In that particular book, Henry Adams also observed that "all residents of Washington may be assumed to be in office, or candidates for office. Unless they avow their object, they are guilty of an attempt, and a stupid one, to deceive." Staffing Philosophy. Well, it may not seem that all the residents of Washington are seeking positions, because we are trying to recruit from outside the Beltway a s well. And I would like to share with you the history of that particular process, and in describing history - more than just chronology --r I think you will see, also, the philosophy that Went into the Staffing of the Bush Administration. It goes to the p lanning for Presidential Personnel, which I headed for then-candidate Bush about a year ago. We started out with a belief in the importance of people to policy. I had, in pursuit of that principle, many discussions,not only here at Heritage, but at other o rganizations around town, such asThe Free Congress Foundation and the American Enterprise Institute; with Bob Tuttle, my predecessor as head of Presidential Personnel; and with Pen James and others who had been involved in personnel matters before. Early i n the transition planning process, in a series of meetings held at the Vice President's residence - I am happy to say with absolute secrdcy - in the weeks preceding the election, a decision was made by then-candidate Bush, with Jim Baker and John SLinu nu in attendance, that a Bush Administration, if the voters so chose, would keep the appointees of President Reagan in place to provide the leadership and the oversight in the bureaus and departments until a Bush appointee arrived or until such time as they, themselves, might be recruited to go to other positions. Six-Month Process. The great amount of time that it takes to staff an administration has been lengthening for well over a decade. The situation is not new; it has taken several months, at least in t h e decade of the 1980s, for any Presidential appointment to be made. A case in point would be myself. In 1984, without any political problems, background problems, confirmation problems, it was six months to the day from when John Herrington called me to s a y that I was his choice to be Assistant Secretary of the Navy to the day I took the oath of office. That amount of time is fairly standard. It can be faster or slower, but only in the margins, and if we can be as crisp as to lay out a set formula, you can roughly divide that six-month period in thirds. About one-third, or two months, consists of recruiting and interviewing and haggling, as necessary, with Cabinet departments or other bureaus to get the name to the point of clearance. It takes about another two months to get that person (who for the sake of this example has never been through a full-field FBI clearance before) through the check of his background and his financial statements to make sure that he has no financial conflicts of interest. The fin a l period of time, which can be two months, less or more, is to get that individual confirmed by the Senate. So it is no surprise that it does take half a year, or more, to fill any particular job. It can be a little shorter if a person has been through th e clearance process before, in which case the FBI does not have to go back and re-interview his elementary school teachers or talk to every one of his former neighbors. The FBI only needs to go back and update that information.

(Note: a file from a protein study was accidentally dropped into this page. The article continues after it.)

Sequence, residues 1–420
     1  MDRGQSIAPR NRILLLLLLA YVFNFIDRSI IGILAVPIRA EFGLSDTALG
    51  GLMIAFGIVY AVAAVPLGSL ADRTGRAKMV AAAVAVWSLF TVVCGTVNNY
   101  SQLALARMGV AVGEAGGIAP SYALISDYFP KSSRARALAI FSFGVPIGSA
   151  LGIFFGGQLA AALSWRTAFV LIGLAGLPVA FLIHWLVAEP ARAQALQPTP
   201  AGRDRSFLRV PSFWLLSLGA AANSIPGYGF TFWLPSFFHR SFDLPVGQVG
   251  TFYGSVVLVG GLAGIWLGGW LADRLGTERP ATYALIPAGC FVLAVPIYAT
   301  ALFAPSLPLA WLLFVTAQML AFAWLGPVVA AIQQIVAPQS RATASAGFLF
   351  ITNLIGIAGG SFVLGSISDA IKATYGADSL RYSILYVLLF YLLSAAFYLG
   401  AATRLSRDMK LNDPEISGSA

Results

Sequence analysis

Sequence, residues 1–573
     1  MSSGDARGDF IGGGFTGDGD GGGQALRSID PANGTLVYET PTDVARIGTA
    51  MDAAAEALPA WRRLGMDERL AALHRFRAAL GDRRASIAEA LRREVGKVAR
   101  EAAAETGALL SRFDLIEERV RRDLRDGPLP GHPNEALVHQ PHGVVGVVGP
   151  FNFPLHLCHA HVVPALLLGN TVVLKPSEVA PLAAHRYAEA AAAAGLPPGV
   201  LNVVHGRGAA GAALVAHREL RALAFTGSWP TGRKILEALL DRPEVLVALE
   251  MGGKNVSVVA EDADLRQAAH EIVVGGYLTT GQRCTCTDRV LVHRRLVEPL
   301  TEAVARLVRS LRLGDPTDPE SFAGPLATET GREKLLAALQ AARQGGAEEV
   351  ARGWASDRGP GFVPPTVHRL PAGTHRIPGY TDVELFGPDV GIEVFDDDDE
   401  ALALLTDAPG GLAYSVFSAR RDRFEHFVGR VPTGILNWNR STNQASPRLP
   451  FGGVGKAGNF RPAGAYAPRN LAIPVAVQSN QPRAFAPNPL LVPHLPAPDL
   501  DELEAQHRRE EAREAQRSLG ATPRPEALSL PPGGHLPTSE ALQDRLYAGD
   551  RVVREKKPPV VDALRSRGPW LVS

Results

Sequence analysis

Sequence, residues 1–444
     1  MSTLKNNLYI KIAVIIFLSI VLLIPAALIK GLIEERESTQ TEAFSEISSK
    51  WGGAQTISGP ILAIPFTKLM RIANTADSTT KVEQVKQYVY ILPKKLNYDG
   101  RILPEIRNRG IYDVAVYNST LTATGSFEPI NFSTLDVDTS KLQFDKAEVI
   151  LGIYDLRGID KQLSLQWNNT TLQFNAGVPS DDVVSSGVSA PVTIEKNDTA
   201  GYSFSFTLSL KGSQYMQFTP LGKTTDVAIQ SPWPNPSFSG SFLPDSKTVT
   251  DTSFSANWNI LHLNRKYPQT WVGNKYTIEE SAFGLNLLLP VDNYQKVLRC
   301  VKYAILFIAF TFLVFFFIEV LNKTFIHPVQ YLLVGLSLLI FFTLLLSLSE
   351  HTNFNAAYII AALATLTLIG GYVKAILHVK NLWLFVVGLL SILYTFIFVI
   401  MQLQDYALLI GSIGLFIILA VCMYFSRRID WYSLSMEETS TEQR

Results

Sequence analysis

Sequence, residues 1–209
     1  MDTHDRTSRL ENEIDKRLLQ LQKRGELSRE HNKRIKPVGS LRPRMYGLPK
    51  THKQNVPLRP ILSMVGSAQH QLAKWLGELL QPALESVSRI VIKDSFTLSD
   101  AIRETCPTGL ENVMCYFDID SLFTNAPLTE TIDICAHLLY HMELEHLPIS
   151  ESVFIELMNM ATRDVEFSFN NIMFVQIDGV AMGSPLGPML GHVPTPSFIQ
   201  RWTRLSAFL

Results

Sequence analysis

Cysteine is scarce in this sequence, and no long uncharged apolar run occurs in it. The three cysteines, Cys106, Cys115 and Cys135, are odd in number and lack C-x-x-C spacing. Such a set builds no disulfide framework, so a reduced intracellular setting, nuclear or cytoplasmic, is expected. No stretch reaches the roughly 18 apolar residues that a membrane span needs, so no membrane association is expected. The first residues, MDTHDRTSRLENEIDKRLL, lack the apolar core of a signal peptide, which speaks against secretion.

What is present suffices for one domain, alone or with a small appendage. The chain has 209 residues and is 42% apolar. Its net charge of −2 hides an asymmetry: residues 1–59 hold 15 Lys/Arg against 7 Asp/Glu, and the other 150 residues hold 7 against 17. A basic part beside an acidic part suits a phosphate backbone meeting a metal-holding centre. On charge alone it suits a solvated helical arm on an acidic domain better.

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Continuity in Offices. We decided, therefore, to use the Ronald Reagan appointees in place until such time as their successors came along. This strategy is one we could afford to adopt due to -the historic fact that, for the first time in 60 years, an Adm i nistration of one party followed itself. Ile Reagan Administration in 1981, the Carter Administration in 1977 and on back through time, took over from Administrations of the previous party. In the case of the Reagan Administration, they passed the. wordqu i te clearly that everyone who was in an appointed job under President Carter was to be out - gone, drawers emptied, lights turned off - as of noon on January 20, 1981. We issued 'no such edict. There.were resignations obtained from all appointees of Presid e nt Reagan, and, over time, those resignations either were accepted or were not accepted. But the signal was out that President Bush wanted continuity in the various offices, because it would take.a long time to complete the transition. So we depended, in l arge measure, on having a Reagan-Bush Administration continue, so to speak, after January 20th. There was further instruction which I was given before the election: that there was to be no effort to recruit individuals for jobs in the Bush Administration u ntil after election day. That applied not only to recruiting people to serve in governmental positions but also to recruiting people to serve on the Presidential Personnel staff. This was something Mr. Bush felt very strongly about for two good reasons. O n e was the concern that if word got out that such personnel recruitment was being done, it might then seem as if he were overconfident about the vote of the American people. Getting Elected. But the second, shrewder reason was purely political, namely that the main business for any candidate is to get elected. If it were known that there was an office reachable by Metro or by crawling on one's knees, as required, where one could drop off a resume - or, even better, have a chance to work in preparation for t h e new Administration to come -you can bet that many people would have gone there rather than the campaign headquarters. It is after all the business of getting elected that counts, and not the thereafter. When I have been asked, and have thought about, wh a t could be done to speed up the process, intellectually I can answer that if you could do all kinds of personnel recruitment before the election - get the staff hired, get resumes together, perhaps do preliminary interviews, perhaps do many other things i n the way of computer programs - it would mean that, from day one, you can start churning out the names. But if that were to have happened, it would have violated that second principle that candidate Bush insisted upon. - And I cannot get away from the con c lusion that such pre-election activity would, in any election, for any party, in any year, be a deterrent to the main business at hand, which is getting elected. And as much management sense as it may make to start early, before the election, I have not q u ite figured out how to square that circle. Perhaps in some future election, there will be an agreement by both Presidential candidates that they should allow their staffs to engage in pre-election transition planning and pre-election recruitment. Such an agreement would at least remove the first concern,